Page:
I live out in the woods. My neighborhood is quiet and at night it’s pretty dark. In winter, however, my husband and I often step out onto our front porch before we turn all the lights out for the night and look up. When the moon is full, it literally lights up the sky. On nights when there is no moon but the air is cold, the stars twinkle brightly.  The sky, even at night, pushes the darkness away while at the same time proclaiming God’s majesty and faithfulness.

This focus on light is just what we need in today’s dark world. Jesus made this bold assertion:

I am the light of the world. Anyone who follows me will never walk in the darkness but will have the light of life.”  — John 8:12

In this dark world we crave the light.  We want to experience the hope and joy that the idea and actuality of light bring. During the season of Advent, when the church celebrates the anticipated coming of the Lord Jesus into the world, we focus on the light that was given in the person of Jesus Christ, our Messiah.

What IS Advent? Advent comes from the Latin word meaning “coming” or “arrival.” As followers of Christ, we are a people living between two advents: the coming of Jesus as a baby in Bethlehem and His future triumphant return as the King of Kings. During the Advent season believers remember that Jesus Christ came as the light of the world. We also remember the life Jesus was born to live, the salvation He brings, and the ongoing kingdom work he invites us to join.

In Biblical times, God gave feasts to His people – feasts to remember, feasts to celebrate, special days in which to repent and other days in which to worship. In the same way the Christian church over the ages has incorporated seasons for contemplation and celebration into its annual calendar. Advent is one of those seasons. 

Each fall, beginning four Sundays before Christmas day, Christians around the world celebrate a season of anticipating Jesus’ birth. Then, the period between Christmas Day and January 5 is known as Christmastide or the “twelve days of Christmas.” January 6 is often known as the Day of Epiphany and commemorates the arrival of the wise men. It reminds us that Christ’s birth is good news for all of creation.

Why do we use a wreath and candles? There are many stories of the origins of this tradition. One I love to think about happened in the early 1800’s when a man named Johann Wichern, a minister in Germany, created an Advent wreath from an old cart wheel. He placed 24 candles in its rungs, creating a way for the children in his church to count down the days until Christmas.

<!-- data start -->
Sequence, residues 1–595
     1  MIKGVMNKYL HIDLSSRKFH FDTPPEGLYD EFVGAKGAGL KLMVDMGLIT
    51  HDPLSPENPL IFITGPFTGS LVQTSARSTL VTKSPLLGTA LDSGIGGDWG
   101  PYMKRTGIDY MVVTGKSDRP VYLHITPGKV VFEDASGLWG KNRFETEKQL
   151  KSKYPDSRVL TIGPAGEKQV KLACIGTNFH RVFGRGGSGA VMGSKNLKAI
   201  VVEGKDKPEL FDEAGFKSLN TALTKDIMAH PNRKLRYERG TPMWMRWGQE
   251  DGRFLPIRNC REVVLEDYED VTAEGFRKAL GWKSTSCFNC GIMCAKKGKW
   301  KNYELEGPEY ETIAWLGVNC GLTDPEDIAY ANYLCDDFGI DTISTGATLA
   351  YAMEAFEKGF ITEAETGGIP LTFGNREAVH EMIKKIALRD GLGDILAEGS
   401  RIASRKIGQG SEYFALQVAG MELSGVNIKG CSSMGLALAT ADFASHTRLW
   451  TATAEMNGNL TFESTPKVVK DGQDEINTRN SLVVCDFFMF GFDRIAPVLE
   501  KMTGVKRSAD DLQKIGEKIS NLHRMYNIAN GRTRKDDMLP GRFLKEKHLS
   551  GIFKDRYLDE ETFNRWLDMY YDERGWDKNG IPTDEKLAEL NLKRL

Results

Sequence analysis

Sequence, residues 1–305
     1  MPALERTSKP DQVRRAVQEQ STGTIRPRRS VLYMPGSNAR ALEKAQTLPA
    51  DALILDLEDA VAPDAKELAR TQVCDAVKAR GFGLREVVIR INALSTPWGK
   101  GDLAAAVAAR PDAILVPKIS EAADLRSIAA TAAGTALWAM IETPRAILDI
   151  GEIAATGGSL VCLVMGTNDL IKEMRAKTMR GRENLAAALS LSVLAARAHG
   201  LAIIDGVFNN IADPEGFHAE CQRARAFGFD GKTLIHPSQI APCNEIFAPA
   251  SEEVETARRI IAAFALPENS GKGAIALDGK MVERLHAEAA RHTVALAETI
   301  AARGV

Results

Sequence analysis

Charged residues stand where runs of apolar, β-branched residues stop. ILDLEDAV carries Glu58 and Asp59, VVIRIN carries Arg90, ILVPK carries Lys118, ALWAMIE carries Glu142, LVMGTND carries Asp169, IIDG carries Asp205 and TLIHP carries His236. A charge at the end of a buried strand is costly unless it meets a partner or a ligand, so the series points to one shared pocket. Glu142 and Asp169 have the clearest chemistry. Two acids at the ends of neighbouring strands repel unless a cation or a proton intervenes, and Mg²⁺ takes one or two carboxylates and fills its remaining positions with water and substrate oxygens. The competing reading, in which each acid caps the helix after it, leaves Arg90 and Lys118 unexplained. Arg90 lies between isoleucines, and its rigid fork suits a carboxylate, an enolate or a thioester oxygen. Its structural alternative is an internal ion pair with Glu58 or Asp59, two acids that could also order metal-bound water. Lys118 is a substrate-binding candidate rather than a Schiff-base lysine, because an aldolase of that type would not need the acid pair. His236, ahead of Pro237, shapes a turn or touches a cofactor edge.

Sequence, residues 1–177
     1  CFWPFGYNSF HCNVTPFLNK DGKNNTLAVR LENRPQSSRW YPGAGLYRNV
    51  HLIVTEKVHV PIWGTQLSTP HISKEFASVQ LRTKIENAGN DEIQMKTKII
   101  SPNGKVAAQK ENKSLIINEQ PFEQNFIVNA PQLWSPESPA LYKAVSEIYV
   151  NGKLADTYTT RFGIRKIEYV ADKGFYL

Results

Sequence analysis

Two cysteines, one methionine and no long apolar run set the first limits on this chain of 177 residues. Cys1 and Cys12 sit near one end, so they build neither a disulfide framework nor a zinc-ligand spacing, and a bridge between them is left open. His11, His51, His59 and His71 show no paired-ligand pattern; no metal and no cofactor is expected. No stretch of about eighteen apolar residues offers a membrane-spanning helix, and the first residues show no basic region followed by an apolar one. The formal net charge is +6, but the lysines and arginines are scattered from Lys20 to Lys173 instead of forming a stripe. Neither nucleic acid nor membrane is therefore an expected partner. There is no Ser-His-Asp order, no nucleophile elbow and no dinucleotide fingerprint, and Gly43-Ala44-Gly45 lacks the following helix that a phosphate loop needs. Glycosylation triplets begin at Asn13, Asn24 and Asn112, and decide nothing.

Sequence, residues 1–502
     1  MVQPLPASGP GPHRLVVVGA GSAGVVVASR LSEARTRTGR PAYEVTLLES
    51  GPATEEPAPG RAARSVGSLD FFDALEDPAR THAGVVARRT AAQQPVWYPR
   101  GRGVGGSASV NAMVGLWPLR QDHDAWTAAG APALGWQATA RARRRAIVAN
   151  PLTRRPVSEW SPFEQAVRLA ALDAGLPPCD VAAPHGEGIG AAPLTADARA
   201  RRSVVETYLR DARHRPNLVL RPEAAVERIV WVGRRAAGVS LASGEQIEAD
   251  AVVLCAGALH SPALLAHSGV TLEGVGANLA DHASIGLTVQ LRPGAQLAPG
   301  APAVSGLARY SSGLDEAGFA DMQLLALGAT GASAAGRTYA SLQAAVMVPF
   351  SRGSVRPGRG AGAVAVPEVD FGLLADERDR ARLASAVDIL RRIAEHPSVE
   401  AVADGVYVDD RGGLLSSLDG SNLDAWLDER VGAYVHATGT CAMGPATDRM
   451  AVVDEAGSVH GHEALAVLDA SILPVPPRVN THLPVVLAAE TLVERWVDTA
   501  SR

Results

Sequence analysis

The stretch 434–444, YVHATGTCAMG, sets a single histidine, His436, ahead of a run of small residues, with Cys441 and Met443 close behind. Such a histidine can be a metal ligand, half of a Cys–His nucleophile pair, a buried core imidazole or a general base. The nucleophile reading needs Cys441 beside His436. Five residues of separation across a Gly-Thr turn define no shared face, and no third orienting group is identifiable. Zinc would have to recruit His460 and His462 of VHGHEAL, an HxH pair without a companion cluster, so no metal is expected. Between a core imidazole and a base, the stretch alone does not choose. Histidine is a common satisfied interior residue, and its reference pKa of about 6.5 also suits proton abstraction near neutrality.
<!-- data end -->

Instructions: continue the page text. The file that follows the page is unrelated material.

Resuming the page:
But you don’t necessarily need a wreath to practice contemplation and celebration in December. Contemplation is the practice of slowing down, repenting of sin, and resting in God’s faithfulness. This December let’s be intentional to pause from the busyness of the season, to catch up on reading, to make space for prayer, and to rest in God’s presence. Let’s intentionally contemplate.

Celebration is the practice of actively remembering and enjoying God in our lives. The discipline of celebration cultivates joy as we acknowledge and rejoice in the beauty, goodness and truth that comes from God. Ephesians 5:8 says, “For you were once darkness, but now you are light in the Lord. Walk as children of light.” This transformation that Jesus has brought about in our hearts is worthy of celebration!

Whatever way you choose to celebrate Advent this year, I encourage you to take time to both contemplate and celebrate.  God sent his one and only Son into our world, born as a baby in a manger in a little town of Bethlehem over 2000 years ago to bring us into the light. May our Christmas celebrations be full of rejoicing as we remember His first advent into our world and anticipate his return!